The question in most readers’ minds will be whether this was a successful transformation or a complicated corporate attempt to pass one of many evaluations the authors describe: “the BC-TV test” (65). The answer is buried in the book’s details and is indeterminate. While the authors have many valuable insights to share, they find it very difficult to assess the initiative’s ongoing environmental impact. We learn that the approach created progress in the initial years of implementation, when the operational environment was conducive to improvement, but that “it is probably naive to expect direct short-term feedback from monitoring results in the face of much stronger economic pressures on forest managers. Ultimately, monitoring may lead to improved practices not by direct feedback but simply by serving as a frequent reminder that particular forest practices are valued for more than their economic contributions” (170). 

During the project’s first six years, this enormous forest tenure was sold and resold by four different companies. With each change in ownership, personnel within the company also changed. The authors confide that lack of corporate continuity was partially responsible for some failings in attaining the goals of the adaptive management program (240). Government also hindered the process. Since the original analysis in 2001, the provincial government attempted to resolve a trade dispute with the United States via a 20 percent take-back of Crown lands. Further, funding came from four different programs aimed at quick, rather than enduring, results (282). More recent efforts to update the analysis have been unsuccessful. New company ownership no longer allowed access to data from private lands, information was lost because of company cutbacks for resource analysis, and some government information was not readily available (100). Throughout Forestry and Biodiversity, the authors make oblique, scattered observations indicating that even relatively simple ecosystem monitoring requires great commitment from a stable corporate and government infrastructure. I would add that this is obviously a situation not enjoyed by forest species in British Columbia.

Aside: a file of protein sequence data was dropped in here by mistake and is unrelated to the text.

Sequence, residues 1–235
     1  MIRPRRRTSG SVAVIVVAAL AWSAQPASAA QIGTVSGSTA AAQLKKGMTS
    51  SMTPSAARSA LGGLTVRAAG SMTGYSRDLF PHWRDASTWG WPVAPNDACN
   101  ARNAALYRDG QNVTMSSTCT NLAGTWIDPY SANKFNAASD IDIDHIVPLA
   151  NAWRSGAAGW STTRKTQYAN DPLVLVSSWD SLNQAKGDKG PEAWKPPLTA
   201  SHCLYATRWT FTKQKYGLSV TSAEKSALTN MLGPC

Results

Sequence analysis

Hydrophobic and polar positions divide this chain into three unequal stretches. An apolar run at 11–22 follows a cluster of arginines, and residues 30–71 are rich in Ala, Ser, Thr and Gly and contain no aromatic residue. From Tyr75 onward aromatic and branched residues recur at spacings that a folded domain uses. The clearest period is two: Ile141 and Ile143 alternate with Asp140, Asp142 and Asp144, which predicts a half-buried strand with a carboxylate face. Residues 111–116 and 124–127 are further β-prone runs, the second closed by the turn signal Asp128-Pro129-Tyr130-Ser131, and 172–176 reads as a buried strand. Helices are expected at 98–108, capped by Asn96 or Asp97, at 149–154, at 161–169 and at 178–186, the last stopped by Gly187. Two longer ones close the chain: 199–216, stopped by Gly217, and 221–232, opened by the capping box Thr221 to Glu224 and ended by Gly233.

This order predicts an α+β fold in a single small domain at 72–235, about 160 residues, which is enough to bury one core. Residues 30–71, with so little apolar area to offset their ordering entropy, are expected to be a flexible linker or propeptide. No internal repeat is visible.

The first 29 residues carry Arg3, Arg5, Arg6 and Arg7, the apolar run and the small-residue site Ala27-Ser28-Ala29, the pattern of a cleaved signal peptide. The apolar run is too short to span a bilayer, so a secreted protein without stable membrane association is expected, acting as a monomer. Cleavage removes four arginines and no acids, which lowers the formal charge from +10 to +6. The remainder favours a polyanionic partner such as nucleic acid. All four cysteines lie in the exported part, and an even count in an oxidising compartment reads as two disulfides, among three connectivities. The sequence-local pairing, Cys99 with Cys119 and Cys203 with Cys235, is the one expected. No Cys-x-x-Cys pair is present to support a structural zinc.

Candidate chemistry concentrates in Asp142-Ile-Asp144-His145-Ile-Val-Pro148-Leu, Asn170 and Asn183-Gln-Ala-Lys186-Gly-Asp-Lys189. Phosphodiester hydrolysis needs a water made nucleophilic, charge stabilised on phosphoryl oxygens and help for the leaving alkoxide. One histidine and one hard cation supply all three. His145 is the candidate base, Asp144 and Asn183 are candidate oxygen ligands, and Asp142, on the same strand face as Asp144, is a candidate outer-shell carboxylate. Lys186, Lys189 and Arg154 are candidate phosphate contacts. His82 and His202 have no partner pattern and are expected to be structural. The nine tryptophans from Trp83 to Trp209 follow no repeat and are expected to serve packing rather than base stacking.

This book represents a state-of-the-art articulation of current ecological and silvicultural understanding, a monumental labour, and a model for what might have been. An unfortunate shortcoming is that there is no mention of any attempt to incorporate traditional ecological knowledge into the process. Indeed, apart from infrequent mentions as stakeholders, Native peoples are entirely absent. That complaint aside, this book is certainly timely. The United Nations declared 2010 the International Year of Biodiversity and 2011 the International Year of the Forest. This volume is a strong reminder that, despite MacMillan Bloedel’s quasi-religious transformation in the late 1990s, that fervour has since faltered and has not been taken up by other companies in the province. The BC Forest Service has seen such severe cuts in recent years that nobody has a clear idea of the state of the provincial forest. Forestry and Biodiversity should serve as a call for reinvigorated attempts at ecosystem-based land management. But, given the highly technical nature of the book, I fear few are likely to read it.